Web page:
For a start, you get there by being young and excellent and coupling that by being willing to commit essentially the entirety of your productive career to one team.
“The best player in the sport, the most talented player maybe ever to play his position, made an affirmative choice at age 24 that he wants to spend the entirety of the prime of his career playing for the Chiefs,” FOX Sports’ Nick Wright told First Things First.
You get there by having already shown you are capable of leading the organization to a Super Bowl, not by having teased the potential of it, but by actually lifting your colleagues on your shoulders and getting the job done.
.@getnickwright reacts to Patrick Mahomes’ 10-year/$503M extension:
The best player in the sport, the most talented player maybe ever to play his position, made an affirmative choice at age 24 that he wants to spend the entirety of the prime of his career playing for the Chiefs. pic.twitter.com/93Fg5j1PAB
— First Things First (@FTFonFS1) July 7, 2020
That’s why the Chiefs sounded positively gleeful when announcing the deal.
“This is a significant moment for our franchise,” Chiefs CEO Clark Hunt said. “Patrick has developed into one of the most prolific athletes in all of sports. With his dynamic play and infectious personality, he is one of the most recognized and beloved figures to put on the Chiefs uniform.”
Even that’s not enough to get you to half a billion dollars. It also comes from having a transcendent style of play that is unlike anything we have truly seen before, a form of technical expression that also happens to be thrilling and exhilarating to watch. And, oh yeah, by being a handsome, eloquent, likable character that is the perfect face for a franchise that isn’t interested in the small steps anymore – and wants to become a true NFL powerhouse.
Even if quarterbacks start to collect increased numbers on a per year basis, the length of contract is what is likely to make this record stand out, and linger, for a long time.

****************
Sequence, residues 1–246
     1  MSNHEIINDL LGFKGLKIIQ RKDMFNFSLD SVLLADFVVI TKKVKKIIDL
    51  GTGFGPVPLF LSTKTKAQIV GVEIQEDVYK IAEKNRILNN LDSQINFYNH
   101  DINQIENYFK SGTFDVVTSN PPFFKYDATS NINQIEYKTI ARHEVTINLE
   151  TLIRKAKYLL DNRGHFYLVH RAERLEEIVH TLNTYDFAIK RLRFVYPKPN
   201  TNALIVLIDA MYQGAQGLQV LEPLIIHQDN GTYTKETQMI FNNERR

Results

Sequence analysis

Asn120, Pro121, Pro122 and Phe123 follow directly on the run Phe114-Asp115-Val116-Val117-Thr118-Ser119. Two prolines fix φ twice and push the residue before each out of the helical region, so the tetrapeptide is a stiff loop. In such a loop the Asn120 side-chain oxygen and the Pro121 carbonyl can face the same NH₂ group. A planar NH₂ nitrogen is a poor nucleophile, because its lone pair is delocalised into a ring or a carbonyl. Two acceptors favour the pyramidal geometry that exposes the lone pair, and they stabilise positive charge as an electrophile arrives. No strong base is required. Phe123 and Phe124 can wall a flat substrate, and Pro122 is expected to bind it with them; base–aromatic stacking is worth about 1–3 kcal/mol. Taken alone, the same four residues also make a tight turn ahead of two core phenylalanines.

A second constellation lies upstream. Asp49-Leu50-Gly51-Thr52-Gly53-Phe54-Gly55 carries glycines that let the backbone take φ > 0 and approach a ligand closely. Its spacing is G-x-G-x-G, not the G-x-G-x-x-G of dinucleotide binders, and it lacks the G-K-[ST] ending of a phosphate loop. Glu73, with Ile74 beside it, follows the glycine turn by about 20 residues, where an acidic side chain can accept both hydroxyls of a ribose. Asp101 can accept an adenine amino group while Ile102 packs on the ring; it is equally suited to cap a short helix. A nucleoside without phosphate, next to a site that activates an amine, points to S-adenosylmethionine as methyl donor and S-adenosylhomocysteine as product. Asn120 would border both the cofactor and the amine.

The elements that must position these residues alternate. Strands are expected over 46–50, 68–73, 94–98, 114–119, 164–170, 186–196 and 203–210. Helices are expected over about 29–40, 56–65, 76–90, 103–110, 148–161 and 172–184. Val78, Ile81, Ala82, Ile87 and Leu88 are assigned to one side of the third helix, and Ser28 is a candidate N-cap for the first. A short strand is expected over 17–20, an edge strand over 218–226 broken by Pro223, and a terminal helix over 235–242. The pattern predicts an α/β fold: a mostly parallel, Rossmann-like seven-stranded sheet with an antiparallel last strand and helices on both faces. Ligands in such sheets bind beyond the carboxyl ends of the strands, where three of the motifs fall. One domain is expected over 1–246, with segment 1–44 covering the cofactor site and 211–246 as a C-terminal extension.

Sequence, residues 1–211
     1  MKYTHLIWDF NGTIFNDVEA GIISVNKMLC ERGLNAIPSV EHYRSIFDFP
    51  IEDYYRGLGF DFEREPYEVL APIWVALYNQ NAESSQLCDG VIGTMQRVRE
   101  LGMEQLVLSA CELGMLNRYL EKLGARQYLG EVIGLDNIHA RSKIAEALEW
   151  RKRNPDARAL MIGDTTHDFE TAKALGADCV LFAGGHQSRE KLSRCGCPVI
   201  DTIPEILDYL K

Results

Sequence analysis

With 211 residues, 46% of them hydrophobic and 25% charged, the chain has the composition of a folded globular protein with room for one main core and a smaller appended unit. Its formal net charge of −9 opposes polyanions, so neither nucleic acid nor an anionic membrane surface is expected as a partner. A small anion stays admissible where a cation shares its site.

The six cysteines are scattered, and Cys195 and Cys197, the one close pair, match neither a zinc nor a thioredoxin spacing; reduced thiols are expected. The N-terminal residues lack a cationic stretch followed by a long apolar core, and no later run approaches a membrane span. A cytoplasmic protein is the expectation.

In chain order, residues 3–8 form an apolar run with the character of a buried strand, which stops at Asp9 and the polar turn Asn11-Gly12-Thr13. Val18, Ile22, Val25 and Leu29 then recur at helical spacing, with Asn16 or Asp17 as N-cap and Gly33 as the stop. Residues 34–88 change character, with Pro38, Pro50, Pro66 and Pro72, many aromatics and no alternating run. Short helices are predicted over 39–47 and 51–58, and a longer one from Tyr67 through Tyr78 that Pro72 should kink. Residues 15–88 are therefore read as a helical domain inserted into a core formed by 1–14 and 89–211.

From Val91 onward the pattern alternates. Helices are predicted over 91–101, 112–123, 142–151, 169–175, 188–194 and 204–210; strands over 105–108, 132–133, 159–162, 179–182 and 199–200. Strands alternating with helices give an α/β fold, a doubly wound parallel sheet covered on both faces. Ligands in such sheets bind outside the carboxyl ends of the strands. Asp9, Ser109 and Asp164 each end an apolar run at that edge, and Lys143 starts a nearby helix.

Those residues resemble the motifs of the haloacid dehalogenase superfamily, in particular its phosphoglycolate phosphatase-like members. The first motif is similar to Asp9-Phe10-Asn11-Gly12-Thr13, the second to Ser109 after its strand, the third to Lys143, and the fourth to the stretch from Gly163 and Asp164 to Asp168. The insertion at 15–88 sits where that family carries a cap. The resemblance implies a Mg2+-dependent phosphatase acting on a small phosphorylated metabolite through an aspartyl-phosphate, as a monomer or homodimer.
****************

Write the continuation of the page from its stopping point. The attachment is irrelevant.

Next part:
“This is baseball money. … Patrick Mahomes got the better end of this deal. He’s 24 years old, he’s only started 36 games in his career, he had 2 years left on his deal and he got a team to commit to him for 10 additional years. 10 years is a very long time.” — @36westbrook pic.twitter.com/f9Y8QuwCfG
— First Things First (@FTFonFS1) July 7, 2020
“This is baseball money,” former Pro Bowl running back Brian Westbrook told First Things First. “Patrick Mahomes got the better end of the deal. He’s only started 36 games in his career, he had two years left on his deal and he got a team to commit to him for 10 additional years. Ten years is a very long time.”
Indeed it is. Who knows what the NFL looks like a decade from now, and whether a 34-year-old Mahomes is still doing his electrifying thing in Kansas City. Long quarterback deals have been struck in the NFL before, most of them did not play out to fruition.
Sports Illustrated described the contract as “gigantic, hilarious, American and great,” and it is. It is an absurd amount of money, unfathomable really, but if the most exhilarating player in the most popular sport in a country of 300 million people isn’t going to get it, who is?
It must be pretty good to be Patrick Mahomes, Crown Prince of the NFL, dreaming up ways to turn one title into a dynasty…and trying to figure out how to spend all that money.